Winner: FILM

 

Part 2

  • Bob Gardiner

    I agree with most of this but not what you say about the movie 2001. I think a lot of this is to do with age. I saw it when I was 21 and it was a startling experience. Other sci-fi movies at the time we more like Flash Gordon, with weak cinematography. I love Arthur C Clarke’s books; by coincidence, I finished Rendezvous with Rama on Friday and the last chapter of 2001 does at least explain the ending of the film. However, for its extraordinary impact on me and the youth of yesterday, I give it to the movie.

    • Eddy Gardiner

      I can definitely understand that – didn’t expect everyone to agree with that one in particular. I do like the film, I just think the book is a more rewarding experience. By an even greater coincidence, I’m currently reading Rendezvous With Rama!

      • Bob GARDINER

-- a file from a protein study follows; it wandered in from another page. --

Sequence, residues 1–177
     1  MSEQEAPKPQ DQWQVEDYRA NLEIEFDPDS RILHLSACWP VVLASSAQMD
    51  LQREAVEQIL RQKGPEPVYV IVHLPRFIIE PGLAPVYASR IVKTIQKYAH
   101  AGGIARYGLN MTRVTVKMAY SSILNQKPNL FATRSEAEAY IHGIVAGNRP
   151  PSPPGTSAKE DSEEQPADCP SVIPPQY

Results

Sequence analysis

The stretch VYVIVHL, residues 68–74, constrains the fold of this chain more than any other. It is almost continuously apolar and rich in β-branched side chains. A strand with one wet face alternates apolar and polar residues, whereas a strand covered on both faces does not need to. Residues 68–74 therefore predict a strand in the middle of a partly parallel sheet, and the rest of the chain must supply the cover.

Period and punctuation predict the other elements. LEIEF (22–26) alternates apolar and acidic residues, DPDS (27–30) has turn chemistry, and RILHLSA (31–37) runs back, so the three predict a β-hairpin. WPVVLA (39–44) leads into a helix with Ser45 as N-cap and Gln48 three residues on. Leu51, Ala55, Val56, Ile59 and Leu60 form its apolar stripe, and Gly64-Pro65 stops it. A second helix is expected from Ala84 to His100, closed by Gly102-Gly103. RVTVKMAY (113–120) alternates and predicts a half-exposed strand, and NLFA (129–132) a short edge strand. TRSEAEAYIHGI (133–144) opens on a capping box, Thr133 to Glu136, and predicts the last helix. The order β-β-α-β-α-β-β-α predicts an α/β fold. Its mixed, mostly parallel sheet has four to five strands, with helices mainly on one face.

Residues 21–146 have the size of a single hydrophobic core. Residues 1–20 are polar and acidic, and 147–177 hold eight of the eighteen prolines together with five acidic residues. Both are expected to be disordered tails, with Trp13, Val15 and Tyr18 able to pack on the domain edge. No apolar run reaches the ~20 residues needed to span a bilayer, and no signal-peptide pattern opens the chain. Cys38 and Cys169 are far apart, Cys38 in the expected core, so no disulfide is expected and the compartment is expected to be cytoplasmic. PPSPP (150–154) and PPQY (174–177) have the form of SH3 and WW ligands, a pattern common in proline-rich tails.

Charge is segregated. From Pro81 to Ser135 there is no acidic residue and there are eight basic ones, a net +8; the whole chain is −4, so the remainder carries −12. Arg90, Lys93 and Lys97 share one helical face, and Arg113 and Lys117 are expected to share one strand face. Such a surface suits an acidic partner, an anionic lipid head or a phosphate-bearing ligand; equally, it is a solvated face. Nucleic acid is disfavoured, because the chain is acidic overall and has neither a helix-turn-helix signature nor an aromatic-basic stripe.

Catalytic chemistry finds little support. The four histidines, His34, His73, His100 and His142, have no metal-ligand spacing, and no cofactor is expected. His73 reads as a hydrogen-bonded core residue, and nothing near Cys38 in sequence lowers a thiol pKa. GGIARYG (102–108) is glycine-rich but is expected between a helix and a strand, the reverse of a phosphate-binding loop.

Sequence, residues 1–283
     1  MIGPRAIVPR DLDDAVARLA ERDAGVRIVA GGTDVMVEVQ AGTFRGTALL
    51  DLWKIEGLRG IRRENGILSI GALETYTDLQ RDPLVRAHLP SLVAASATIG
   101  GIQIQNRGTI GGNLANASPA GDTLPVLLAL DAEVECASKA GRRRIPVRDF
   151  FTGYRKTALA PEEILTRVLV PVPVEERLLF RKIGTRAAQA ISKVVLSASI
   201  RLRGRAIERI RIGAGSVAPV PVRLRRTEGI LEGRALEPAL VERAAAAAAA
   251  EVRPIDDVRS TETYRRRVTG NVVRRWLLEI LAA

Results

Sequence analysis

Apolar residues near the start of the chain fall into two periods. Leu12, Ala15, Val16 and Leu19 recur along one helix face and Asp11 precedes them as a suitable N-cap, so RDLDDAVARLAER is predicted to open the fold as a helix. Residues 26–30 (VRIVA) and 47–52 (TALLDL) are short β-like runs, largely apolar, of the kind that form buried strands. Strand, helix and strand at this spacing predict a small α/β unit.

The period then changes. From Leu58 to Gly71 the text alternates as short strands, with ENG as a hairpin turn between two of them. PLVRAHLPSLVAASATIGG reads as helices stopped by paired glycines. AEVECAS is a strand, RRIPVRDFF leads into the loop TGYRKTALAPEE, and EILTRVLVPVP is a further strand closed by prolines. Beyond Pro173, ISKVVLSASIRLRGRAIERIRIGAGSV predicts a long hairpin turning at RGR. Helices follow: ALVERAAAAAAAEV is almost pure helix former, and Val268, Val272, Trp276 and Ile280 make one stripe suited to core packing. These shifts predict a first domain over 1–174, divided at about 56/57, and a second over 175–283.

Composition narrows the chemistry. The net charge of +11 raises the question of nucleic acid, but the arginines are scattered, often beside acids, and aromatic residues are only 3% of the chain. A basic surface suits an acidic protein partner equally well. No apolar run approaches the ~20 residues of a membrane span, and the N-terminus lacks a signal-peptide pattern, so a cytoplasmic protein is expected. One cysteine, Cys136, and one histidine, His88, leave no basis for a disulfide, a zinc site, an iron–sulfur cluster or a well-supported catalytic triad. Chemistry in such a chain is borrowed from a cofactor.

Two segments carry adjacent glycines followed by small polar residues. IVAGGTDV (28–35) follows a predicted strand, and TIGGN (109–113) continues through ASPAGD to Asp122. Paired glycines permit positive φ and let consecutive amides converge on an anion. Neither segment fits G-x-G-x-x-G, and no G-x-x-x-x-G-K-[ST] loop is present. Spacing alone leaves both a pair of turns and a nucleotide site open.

Extraordinary!

  • partidario

    Hadn’t heard of Rendezvous with Rama but I’ll read it. I still love 2001, the film, because of the impact it had on me when i first saw it as a young teenager. It took years for me to really understand what it was all about. All I knew, when I first saw it, was that it was profound. Did you notice they were using tablets? (and the film was made in 1969)!

    Strauss has a lot to do with why I love the film too.

    Thanks Eddy, for more great reviews. I’m learning so much about films that I would never otherwise know about.

    • Eddy Gardiner

      Have you read 2001? I’d (obviously) recommend that too.

      Glad it’s interesting, I’ll try to keep it up.